The Smoke Signal, MSJ's Official Newspaper


MSJ’s Monster in the Cage

Can you see Ryan Zargari playing badminton? Not in a million years. In a school dominated by popular team sports, Senior Ryan Zargari refuses to follow suit. After attending a brutal military school in Florida, Zargari has taken an interest in an unusual and lesser known sport of cage fighting. Punches, kicks, and submissions are only small tastes of the true athleticism this dangerous sport demands.

Much like fighters in the grueling Ultimate Fighting Championship, Zargari has completely immersed himself in his fighting in order to succeed. Fighters in the legendary Cung Le’s gym, where Zargari trains, undergo the toughest physical training to prepare them for their fights. The Smoke Signal sat down with Zargari to talk about his cage fighting experiences.

Smoke Signal: How did you get into cage fighting?
Ryan Zargari: After military school, I started to get into it. My cousins were doing it so I tried it out and I fell in love with the sport. I’ve been training for about two years now.

SS: What is the training like? Would you say it compares to MSJ’s intense wrestling program?
RZ: Practices are for three and a half hours a day, five days a week. It can compare to wrestling in the sense that the practices are segmented. We go over everything: sparring, grappling, and then some time in the cage.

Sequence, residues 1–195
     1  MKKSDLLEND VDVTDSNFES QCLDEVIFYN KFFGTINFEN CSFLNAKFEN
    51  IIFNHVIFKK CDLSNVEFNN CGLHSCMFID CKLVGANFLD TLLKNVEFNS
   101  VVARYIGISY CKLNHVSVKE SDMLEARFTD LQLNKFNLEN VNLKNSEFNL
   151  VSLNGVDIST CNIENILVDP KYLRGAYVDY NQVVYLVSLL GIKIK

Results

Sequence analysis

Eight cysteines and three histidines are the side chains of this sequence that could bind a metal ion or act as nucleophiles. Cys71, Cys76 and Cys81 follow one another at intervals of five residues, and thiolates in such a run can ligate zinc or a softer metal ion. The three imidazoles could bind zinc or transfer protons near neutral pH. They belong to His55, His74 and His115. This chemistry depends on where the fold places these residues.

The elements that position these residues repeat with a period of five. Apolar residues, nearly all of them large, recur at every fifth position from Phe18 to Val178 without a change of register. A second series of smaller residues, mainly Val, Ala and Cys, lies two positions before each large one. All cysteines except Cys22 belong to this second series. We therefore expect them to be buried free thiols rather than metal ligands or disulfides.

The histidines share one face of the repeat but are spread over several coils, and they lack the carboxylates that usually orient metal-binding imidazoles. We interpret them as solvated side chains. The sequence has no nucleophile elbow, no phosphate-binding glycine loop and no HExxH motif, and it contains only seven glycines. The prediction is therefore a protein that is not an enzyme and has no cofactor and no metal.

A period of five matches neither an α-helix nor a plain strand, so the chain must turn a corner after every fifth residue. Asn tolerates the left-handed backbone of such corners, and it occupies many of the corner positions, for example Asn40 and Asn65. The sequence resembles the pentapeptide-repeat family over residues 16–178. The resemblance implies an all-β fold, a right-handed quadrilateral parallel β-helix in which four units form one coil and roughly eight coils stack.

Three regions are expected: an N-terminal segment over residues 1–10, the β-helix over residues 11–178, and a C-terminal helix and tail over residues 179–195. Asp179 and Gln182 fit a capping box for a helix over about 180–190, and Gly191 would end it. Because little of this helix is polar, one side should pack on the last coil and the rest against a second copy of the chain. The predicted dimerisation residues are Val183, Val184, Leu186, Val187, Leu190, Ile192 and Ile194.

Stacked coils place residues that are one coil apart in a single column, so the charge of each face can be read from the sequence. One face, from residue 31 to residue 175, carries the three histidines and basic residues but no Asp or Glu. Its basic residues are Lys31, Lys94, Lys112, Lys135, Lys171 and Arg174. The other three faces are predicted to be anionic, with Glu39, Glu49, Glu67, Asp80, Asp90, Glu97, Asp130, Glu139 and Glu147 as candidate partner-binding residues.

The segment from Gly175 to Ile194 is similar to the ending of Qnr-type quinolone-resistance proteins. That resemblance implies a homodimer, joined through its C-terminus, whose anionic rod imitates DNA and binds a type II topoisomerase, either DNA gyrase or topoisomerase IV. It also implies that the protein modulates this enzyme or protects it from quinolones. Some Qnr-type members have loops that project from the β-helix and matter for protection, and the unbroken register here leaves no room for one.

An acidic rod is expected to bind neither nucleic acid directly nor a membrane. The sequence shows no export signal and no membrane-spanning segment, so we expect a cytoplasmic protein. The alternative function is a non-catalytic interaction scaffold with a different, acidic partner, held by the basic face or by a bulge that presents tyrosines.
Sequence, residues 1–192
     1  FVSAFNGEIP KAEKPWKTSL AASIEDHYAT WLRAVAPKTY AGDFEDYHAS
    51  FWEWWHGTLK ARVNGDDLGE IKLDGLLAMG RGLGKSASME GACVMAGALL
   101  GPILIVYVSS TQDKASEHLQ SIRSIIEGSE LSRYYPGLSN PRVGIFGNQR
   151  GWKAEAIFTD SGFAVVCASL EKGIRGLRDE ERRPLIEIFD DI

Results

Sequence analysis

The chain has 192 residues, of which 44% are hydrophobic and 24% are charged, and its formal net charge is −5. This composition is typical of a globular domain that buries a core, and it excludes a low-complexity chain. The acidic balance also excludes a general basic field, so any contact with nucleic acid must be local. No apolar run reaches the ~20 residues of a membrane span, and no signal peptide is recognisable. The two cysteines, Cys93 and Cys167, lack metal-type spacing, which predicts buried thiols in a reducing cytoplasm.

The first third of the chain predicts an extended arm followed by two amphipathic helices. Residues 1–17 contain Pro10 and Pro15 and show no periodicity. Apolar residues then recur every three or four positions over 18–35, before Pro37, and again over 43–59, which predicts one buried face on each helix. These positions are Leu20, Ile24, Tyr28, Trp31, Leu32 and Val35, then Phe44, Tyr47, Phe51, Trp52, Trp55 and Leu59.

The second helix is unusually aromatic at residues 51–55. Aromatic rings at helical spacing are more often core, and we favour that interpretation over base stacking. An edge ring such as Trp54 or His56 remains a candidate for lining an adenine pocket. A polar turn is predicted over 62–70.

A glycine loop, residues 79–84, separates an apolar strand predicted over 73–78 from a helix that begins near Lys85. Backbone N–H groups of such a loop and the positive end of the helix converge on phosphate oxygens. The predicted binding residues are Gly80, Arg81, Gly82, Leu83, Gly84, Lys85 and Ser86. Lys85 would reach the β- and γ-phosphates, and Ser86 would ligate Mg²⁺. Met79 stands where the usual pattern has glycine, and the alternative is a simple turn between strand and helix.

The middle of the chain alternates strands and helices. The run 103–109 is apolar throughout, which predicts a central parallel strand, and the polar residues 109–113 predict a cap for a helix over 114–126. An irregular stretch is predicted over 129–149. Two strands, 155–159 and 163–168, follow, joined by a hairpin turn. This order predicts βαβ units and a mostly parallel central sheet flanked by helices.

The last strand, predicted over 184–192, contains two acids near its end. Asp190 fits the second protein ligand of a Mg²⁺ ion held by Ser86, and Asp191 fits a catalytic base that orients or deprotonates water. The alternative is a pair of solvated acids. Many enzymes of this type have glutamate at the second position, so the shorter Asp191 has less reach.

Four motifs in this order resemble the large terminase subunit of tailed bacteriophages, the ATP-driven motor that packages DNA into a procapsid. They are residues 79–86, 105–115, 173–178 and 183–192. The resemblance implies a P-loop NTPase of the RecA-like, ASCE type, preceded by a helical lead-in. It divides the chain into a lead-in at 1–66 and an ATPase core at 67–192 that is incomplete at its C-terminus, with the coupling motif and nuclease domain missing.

SS: How have you done in competitions so far in your career?
RZ: I am waiting for the next tournament right now actually. Usually you get to fight three opponents at each tournament and there aren’t really specific prizes. It is more about the satisfaction of winning. I think I did really well my last few tournaments. I took down and used a submission on one of my opponents, so I’m satisfied.

SS: What motivates you to keep fighting?
RZ: The adrenaline in the cage just fuels me. I let everything go and it keeps me pumped. It really is fun learning new moves and fighting people you’ve never met before. I fight people a lot bigger me. Some guys are in the 200-pound weight class, so you never know what you will get. There is always a challenge!

SS: What are your goals for your future in cage fighting?
RZ: I want to go pro one day. I want to teach people and train them in the sport.

Written by Matt Farberov
Mar 19, 2010 at 04:22 PM

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